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Re: Is this normal for new growth or something more?

Two things have been noted: be sure you have drainage holes in the bottom of the cups and the plants are showing signs of nutrient deficiency. My solutions is pretty simple: poke a few holes in the bottom of the cups and let the soil dry out between waterings and add some liquid plant food the next time you water. The yellowing of the leaves is very slight at this time and a little fertilizer will green them up quickly. Too much water can cause "damping off" and the stems will shrivel and the plant will die.

You have to be close to planting outside. If you putting them into the ground and it is healthy, the plants will rebound. If they will be planted into pots be sure to have drainage in the pots and every ten days or so add nutrients since containers will have the nutrients flushed out because of the watering cycles.
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rainbowgardener
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Re: Is this normal for new growth or something more?

Sorry, I just can't let this go: ". Lime will unlock nutrients and make it available for plants" That totally depends on what the pH of your soil is now. Both very acid soil and even moderately alkaline soil can lock up nutrients. If your soil is very acid (pH less than 5) or even slightly alkaline (pH more than 7.5 or 8; 7 is neutral), it can lock up the nutrients in your soil, making them unavailable to plants. So if your soil is very acid, adding lime will indeed make the nutrients available. I have never lived anywhere with soil that acid. If the soil is even very close to neutral (say 6.5), adding lime could push it towards lock up status. If your soil is already slightly alkaline, adding lime will definitely make the problem much worse.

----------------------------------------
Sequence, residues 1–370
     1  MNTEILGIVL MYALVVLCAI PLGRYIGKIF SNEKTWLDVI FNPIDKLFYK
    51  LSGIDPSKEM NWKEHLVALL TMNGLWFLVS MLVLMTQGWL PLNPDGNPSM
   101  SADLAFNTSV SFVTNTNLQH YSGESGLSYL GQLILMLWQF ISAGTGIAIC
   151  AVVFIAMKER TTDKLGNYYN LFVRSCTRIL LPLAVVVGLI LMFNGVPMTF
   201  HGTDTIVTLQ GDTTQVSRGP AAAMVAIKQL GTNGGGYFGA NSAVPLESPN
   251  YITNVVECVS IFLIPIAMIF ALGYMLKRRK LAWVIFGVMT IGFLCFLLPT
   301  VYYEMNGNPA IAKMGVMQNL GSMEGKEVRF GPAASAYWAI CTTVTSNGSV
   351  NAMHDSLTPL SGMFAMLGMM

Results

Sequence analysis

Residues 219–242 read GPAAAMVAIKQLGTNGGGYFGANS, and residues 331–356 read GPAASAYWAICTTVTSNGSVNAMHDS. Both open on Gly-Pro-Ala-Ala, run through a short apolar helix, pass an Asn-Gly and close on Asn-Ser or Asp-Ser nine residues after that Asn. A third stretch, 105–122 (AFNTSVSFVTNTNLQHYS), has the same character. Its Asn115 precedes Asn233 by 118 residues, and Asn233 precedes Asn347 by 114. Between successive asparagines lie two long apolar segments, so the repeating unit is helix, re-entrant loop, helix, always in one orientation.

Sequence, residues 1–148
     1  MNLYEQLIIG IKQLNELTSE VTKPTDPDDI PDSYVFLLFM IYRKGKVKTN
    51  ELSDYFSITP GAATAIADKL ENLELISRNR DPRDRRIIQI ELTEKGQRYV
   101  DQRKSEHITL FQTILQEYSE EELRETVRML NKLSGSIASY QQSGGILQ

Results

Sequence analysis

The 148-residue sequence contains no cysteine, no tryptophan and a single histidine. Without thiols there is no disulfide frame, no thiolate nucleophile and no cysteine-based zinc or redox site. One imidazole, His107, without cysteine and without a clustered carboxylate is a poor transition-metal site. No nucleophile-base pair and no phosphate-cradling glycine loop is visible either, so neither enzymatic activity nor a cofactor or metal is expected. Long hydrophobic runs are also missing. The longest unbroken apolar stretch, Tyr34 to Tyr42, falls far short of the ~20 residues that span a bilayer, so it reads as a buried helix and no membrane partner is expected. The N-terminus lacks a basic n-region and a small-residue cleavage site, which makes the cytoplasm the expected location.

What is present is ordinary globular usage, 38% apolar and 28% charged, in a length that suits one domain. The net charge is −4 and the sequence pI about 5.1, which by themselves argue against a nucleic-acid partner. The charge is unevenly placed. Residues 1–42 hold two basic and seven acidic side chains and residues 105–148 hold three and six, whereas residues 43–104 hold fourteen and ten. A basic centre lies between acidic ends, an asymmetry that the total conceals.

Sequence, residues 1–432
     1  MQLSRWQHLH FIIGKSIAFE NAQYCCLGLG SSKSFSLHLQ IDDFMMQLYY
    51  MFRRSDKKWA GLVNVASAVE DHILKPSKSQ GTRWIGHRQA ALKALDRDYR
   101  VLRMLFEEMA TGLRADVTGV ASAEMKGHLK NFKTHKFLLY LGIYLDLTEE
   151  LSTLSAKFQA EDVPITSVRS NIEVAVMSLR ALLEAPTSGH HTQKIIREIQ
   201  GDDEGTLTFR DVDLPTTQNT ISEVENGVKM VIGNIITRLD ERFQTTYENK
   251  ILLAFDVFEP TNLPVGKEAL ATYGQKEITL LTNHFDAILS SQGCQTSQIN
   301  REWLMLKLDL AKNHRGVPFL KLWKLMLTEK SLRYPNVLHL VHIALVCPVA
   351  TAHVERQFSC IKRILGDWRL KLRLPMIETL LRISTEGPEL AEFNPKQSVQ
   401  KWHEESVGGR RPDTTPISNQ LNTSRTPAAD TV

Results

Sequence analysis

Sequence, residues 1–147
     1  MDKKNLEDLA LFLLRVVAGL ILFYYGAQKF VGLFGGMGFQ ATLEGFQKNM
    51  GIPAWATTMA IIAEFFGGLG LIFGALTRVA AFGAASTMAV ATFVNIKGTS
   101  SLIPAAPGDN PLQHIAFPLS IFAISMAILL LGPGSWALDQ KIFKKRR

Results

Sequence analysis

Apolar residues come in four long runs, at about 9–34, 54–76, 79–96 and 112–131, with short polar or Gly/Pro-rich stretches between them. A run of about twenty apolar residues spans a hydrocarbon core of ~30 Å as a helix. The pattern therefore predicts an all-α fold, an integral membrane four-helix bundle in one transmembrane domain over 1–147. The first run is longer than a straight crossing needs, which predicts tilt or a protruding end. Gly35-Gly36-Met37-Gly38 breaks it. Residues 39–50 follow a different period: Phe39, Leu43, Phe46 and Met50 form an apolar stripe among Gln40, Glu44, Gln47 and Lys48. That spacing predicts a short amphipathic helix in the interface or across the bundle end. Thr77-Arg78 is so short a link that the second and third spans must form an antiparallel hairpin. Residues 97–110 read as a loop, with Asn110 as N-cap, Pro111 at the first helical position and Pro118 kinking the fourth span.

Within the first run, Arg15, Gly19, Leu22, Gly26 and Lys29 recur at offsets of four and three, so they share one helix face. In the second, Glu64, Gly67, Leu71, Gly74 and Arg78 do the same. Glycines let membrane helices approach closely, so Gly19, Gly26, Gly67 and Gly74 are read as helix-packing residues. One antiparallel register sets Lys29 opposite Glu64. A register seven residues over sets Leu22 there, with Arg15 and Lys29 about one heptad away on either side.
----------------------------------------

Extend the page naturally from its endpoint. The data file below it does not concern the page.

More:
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pointer80
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Re: Is this normal for new growth or something more?

I checked today and a couple of my tomatoes that I planted in my own compost/aged alpaca manure mix also has this so that is two different soil mediums so I just cant see two different soil mixes having the same nutrient deficiencies, but maybe. Like I said in a previous post the soil I am using is happy frog which is supposed to be some awesome stuff. I have only had these up potted in the cups for about 2 weeks so they should not have used up all the soils nutrients yet. I will watch the watering more closely and put more holes in cups. Thanks.